Quite often I stumble upon the "hole" in understanding of the concept of hydraulic balance among people who closely work with hydraulic components, and have no problems understanding that force equals area multiplied by pressure, but fail to see how this very principle is used to "direct and trim" the forces between pressure exposed parts in hydraulic assemblies. Hopefully, this post will start filling it.
Let us consider the following "hydraulic system", and to simplify things let us imagine that this is an ideal zero-leakage system with no gaps between parts:
The upper plate is creating a 1000N downward force on the rod that has a section area of 1 sq.cm. This pressurizes the hydraulic fluid inside the cylinder to 100 bar. The pressure acts on the bottom area of the cylinder creating a downward force of 1000N, and of course, it acts on the rod itself, creating an equal opposing force of 1000N. A very simple arrangement, that mimics the rotary group on an axial piston pump. As you can see, the normal force (i.e the force that is compressing surfaces together) between the rod and the upper plate, and between the cylinder and the base plate is 1000N.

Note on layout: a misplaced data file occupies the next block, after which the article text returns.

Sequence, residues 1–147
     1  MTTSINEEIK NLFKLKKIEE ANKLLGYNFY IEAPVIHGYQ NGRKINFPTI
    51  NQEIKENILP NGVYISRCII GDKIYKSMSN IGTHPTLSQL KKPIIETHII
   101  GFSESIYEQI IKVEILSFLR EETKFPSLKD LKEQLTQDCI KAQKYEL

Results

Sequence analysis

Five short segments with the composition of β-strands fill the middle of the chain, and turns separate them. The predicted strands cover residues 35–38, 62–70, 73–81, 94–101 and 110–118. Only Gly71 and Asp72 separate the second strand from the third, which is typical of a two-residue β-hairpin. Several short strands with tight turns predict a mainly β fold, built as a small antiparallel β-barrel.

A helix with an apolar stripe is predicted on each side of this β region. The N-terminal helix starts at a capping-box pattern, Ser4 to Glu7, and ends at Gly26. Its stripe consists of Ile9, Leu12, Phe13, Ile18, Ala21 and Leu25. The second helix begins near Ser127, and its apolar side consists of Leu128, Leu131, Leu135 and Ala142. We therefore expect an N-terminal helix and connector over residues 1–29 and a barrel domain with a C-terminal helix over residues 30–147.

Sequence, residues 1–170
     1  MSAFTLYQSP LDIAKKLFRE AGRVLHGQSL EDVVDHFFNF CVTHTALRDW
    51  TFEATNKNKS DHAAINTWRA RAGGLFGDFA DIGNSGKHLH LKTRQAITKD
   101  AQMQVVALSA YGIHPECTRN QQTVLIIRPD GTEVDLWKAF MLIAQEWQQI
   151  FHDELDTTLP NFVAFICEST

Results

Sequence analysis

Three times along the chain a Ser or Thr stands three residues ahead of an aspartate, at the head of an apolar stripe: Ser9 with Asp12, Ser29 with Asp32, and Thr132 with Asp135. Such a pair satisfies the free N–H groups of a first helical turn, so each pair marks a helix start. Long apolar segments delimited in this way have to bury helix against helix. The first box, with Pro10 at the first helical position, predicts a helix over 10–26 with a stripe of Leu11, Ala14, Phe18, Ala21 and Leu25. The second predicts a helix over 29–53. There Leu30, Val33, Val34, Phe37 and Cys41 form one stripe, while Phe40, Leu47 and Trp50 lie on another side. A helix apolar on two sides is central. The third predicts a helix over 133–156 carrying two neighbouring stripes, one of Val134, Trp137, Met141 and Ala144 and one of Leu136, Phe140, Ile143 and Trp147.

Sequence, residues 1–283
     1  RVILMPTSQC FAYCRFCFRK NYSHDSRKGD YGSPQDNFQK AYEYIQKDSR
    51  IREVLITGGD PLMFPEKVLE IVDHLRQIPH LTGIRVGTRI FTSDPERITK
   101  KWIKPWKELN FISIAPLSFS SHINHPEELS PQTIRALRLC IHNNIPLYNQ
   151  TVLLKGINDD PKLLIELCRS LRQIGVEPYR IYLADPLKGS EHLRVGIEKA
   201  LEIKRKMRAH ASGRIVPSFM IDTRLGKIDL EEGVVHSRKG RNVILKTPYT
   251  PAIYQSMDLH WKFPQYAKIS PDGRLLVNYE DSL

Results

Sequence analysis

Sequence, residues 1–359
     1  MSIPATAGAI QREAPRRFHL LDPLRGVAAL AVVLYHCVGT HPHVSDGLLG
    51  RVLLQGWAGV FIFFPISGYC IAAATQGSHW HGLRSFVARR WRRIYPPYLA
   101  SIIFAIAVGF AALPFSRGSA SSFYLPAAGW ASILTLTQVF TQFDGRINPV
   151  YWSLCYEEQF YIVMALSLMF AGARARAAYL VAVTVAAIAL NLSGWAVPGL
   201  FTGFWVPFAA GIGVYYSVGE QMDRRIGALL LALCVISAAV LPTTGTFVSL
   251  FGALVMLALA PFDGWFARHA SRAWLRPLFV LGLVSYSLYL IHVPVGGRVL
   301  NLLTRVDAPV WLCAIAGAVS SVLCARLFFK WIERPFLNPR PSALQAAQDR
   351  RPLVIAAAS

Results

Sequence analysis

Now let us change the "design" by drilling a hole through the rod and the cylinder, with the area of 0.9 sq.cm:
The situation becomes much more interesting. Since we are still effectively applying a force of 1000N over an area of one square centimeter, the fluid is still pressurized to 100 bar, however now the normal force between the rod and the upper plate, as well as the normal force between the cylinder and the base plate is ten times smaller because the area that these parts are "exposing" to the pressurized fluid is also ten times as small. In other words - by drilling the hole in our components we transferred 90% of the load to the column of pressurized fluid!
If we reproduced the two contraptions "in steel", and then tried to move our cylinders sideways, one could think that the fact the normal force between the "hard" parts in the second design is ten times smaller would result in the friction force ten times as small as well, however, as it is always the case in real life - its more complicated than that, and there are more "hidden benefits" to the second design.
In the first case, even if the parts were submerged in oil, and theoretically we would be dealing with lubricated friction (which is in itself a super complicated phenomenon), a load increase could "squeeze out" the oil film between the parts, and then the good old dry (or maybe marginal) friction would kick in and cause the parts to seize and destroy themselves. The second design, on the other hand, aside from the much smaller normal force and the fact that sliding a column of pressurized fluid on a surface is much easier than sliding a piece of hard material, would also introduce the huge benefit of forced lubrication, exposing the gap between the sliding parts to the pressurized fluid. And if the load increased, so would the oil pressure, thus keeping the sliding conditions in the so desired wear-free lubricated friction regime.